You do not need root permission to, e.g., install a different version of Python, GCC, or CUDA (though a newer CUDA sometimes requires newer driver). But doing these without root permission certainly requires some extra knowledge.

Avoid mixing binaries built from different sources

Python itself is a binary, that depends on some other binary libraries. Each python package may also contain binaries or depend on other binary libraries. Mixing binaries built from different sources (e.g. your system package manager v.s. anaconda) together (i.e. into a single process) has potential binary compatibility issues.

Such issues can happen when you want to use libA and libB together, but they are built using different versions of another library libC, or built with different C++ compilers. (C compiler, however, should produce binary compatible code across compiler versions).

Ideally you might expect some mechanism to avoid such conflicts. There is indeed a compilcated set of symbol visibility & compiler ABI rules, but most libraries are not following them correctly. The result of such incompatibility issues is often a segfault or other mysterious errors.

In reality, here are how packages are built:

• Your OS's package manager (apt/yum/pacman, etc) installs many binaries and libs. They are built with the exact system packages they depend on, using the exact compiler installed by the package manager. They are all built in a nice uniform environment that will not have any compatibility issues: all these packages can be mixed together.

• When you pip install a package, there are two possiblities:

• Source distribution: this command compiles source code, using whatever compiler & dependency libraries it finds. So its compatibility will depend on which compiler & libraries it finds. Typically this is controlled by standard environment variables such as $CC,$LIBRARY_PATH, but it varies among packages.

• Binary wheel distribution: this command downloads a pre-built binary. This means that you need to confirm the binary is built in an environment that's compatible with other packages you're using.

Lots of binary packages on pypi contain the word "manylinux": it means the package is built such that it's supposed to be compatible with most linux environment. Typically, using a manylinux package should not lead to compatibility issues. Although there are exceptions (e.g., some packages incorrectly mark themselves as manylinux). Also, a manylinux package may have suboptimal performance due to the compatibility requirements: they are often built with old version of compilers and old instruction set.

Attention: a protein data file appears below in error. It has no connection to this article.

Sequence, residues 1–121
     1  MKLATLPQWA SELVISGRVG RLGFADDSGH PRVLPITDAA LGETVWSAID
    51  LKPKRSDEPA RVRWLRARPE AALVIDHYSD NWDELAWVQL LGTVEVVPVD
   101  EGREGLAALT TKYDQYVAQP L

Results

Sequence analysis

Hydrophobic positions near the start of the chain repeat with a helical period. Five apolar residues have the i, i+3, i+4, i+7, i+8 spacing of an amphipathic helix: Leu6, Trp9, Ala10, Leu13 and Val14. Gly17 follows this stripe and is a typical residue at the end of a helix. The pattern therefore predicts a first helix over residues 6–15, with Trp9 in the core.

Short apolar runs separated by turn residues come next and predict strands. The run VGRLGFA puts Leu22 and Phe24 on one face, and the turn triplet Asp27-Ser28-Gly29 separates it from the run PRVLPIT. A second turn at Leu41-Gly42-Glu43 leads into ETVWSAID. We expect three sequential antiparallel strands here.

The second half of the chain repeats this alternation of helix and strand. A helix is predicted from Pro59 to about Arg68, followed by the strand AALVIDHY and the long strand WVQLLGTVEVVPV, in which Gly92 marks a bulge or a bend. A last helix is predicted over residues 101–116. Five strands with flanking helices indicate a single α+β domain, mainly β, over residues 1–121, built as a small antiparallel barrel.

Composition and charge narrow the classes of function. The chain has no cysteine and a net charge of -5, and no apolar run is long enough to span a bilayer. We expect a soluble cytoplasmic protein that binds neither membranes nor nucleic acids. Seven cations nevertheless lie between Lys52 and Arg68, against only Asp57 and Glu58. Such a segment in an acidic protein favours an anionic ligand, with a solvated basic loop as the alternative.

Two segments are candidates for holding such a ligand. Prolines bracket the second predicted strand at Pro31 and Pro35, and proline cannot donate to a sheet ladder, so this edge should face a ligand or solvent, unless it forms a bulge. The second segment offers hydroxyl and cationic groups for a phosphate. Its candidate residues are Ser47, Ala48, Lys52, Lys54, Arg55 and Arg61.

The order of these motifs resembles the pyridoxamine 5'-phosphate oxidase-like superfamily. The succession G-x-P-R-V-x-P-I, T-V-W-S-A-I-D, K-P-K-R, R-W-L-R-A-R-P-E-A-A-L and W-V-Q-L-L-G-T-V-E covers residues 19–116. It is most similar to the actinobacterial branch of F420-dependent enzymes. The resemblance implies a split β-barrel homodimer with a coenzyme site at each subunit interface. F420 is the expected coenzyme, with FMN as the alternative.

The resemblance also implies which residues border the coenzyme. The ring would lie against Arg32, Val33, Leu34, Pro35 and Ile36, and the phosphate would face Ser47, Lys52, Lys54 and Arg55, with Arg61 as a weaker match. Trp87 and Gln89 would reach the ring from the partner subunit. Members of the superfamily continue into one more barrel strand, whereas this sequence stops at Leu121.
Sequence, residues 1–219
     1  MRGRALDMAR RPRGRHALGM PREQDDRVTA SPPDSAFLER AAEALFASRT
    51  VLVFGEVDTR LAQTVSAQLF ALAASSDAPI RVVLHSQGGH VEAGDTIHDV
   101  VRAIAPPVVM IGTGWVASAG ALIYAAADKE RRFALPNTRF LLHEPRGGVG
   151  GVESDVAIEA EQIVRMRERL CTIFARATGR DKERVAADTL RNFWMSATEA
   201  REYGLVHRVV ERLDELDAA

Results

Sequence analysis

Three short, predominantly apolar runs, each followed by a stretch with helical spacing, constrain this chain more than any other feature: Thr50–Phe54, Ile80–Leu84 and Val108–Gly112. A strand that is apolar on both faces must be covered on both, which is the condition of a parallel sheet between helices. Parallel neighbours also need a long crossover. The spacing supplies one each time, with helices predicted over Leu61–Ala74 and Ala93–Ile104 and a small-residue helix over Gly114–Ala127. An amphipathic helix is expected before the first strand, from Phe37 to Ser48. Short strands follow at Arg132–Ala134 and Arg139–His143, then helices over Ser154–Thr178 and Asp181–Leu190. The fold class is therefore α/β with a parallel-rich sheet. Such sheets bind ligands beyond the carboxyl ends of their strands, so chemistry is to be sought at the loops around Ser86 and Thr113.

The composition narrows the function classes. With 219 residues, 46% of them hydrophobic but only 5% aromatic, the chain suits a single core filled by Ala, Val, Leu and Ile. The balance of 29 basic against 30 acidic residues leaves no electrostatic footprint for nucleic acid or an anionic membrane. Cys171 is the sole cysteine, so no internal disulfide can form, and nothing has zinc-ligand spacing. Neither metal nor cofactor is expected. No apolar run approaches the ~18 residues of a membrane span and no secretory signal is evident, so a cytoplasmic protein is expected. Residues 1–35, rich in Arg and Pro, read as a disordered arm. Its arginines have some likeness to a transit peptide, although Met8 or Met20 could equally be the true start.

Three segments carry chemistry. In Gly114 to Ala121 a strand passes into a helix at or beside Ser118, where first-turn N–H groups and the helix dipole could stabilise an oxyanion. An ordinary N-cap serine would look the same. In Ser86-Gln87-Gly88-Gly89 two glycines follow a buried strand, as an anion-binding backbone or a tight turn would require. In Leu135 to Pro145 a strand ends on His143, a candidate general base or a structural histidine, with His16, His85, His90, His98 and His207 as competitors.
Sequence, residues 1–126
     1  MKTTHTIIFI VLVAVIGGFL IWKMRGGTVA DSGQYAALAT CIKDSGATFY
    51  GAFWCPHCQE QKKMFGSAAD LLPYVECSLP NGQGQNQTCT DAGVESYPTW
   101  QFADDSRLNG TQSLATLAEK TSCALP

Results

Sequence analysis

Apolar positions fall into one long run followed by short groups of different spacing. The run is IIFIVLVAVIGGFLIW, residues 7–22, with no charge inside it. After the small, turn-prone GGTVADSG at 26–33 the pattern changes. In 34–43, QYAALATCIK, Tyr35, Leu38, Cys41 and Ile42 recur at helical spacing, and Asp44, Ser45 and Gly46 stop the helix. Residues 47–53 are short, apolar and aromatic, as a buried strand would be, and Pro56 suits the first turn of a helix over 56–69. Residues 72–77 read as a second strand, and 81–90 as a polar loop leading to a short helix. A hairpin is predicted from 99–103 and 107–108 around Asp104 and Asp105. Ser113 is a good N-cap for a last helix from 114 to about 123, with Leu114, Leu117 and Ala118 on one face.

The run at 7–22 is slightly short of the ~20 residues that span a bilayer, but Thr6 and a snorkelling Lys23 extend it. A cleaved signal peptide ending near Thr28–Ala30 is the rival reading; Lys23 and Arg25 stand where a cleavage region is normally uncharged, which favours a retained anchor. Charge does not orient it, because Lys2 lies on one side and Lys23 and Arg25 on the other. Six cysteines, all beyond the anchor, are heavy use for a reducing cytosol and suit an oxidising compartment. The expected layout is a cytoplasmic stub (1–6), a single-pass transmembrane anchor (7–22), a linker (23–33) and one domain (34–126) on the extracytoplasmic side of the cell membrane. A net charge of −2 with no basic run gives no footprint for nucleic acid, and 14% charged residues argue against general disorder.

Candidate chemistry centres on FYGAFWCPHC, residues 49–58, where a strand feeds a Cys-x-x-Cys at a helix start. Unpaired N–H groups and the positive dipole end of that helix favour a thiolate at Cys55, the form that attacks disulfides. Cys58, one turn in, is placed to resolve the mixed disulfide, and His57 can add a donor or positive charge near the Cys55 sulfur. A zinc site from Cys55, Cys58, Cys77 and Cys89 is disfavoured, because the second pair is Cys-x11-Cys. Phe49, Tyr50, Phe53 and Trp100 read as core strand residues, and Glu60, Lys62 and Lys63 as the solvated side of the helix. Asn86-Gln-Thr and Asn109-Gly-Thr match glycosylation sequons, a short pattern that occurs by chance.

For other packages without the "manylinux" signature, you can only wish for good luck. They usually work fine but could stop working at any day. There are a number of github issues in different projects about "import libA causes import libB to crash". Typically these are giant projects, such as OpenCV, TensorFlow, PyTorch.

• When you conda install a package that contains binaries, it's always pre-built. The official packages are built in anaconda's standard environment, and all the runtime dependencies in that standard environment are also packaged and distributed by anaconda. Anaconda provides a (almost) full runtime environment: including essential libs such as libstdc++ and libgcc. This means that the conda world is just like your OS's package manager: if you use conda to install all libraries (and their dependencies), they are always compatible with each other.

That sounds nice, until you want to build a package by yourself. Anaconda provides a full runtime environment, but usually not the build-time environment. Normally you'll still be building the package using your system's compiler & libraries (or those defined by your envvars).

As long as you use python from conda, you'll almost always run inside conda's runtime environment, using libstdc++, libjpeg, etc from anaconda/lib. It's then possible that the package you build is not compatible with conda's runtime environment.

I've frequently seen such failures, e.g.:

• Build a package using system's gcc. Then it cannot run inside conda's runtime since the runtime is built with an old version of gcc.
• conda install cudatoolkit=10.1 pytorch gives you a working pytorch in cuda10.1 runtime. It works fine until you build a custom cuda extension: the extension will use nvcc from your system which may not be 10.1.

That's why I personally avoid conda and use system's python whenever possible.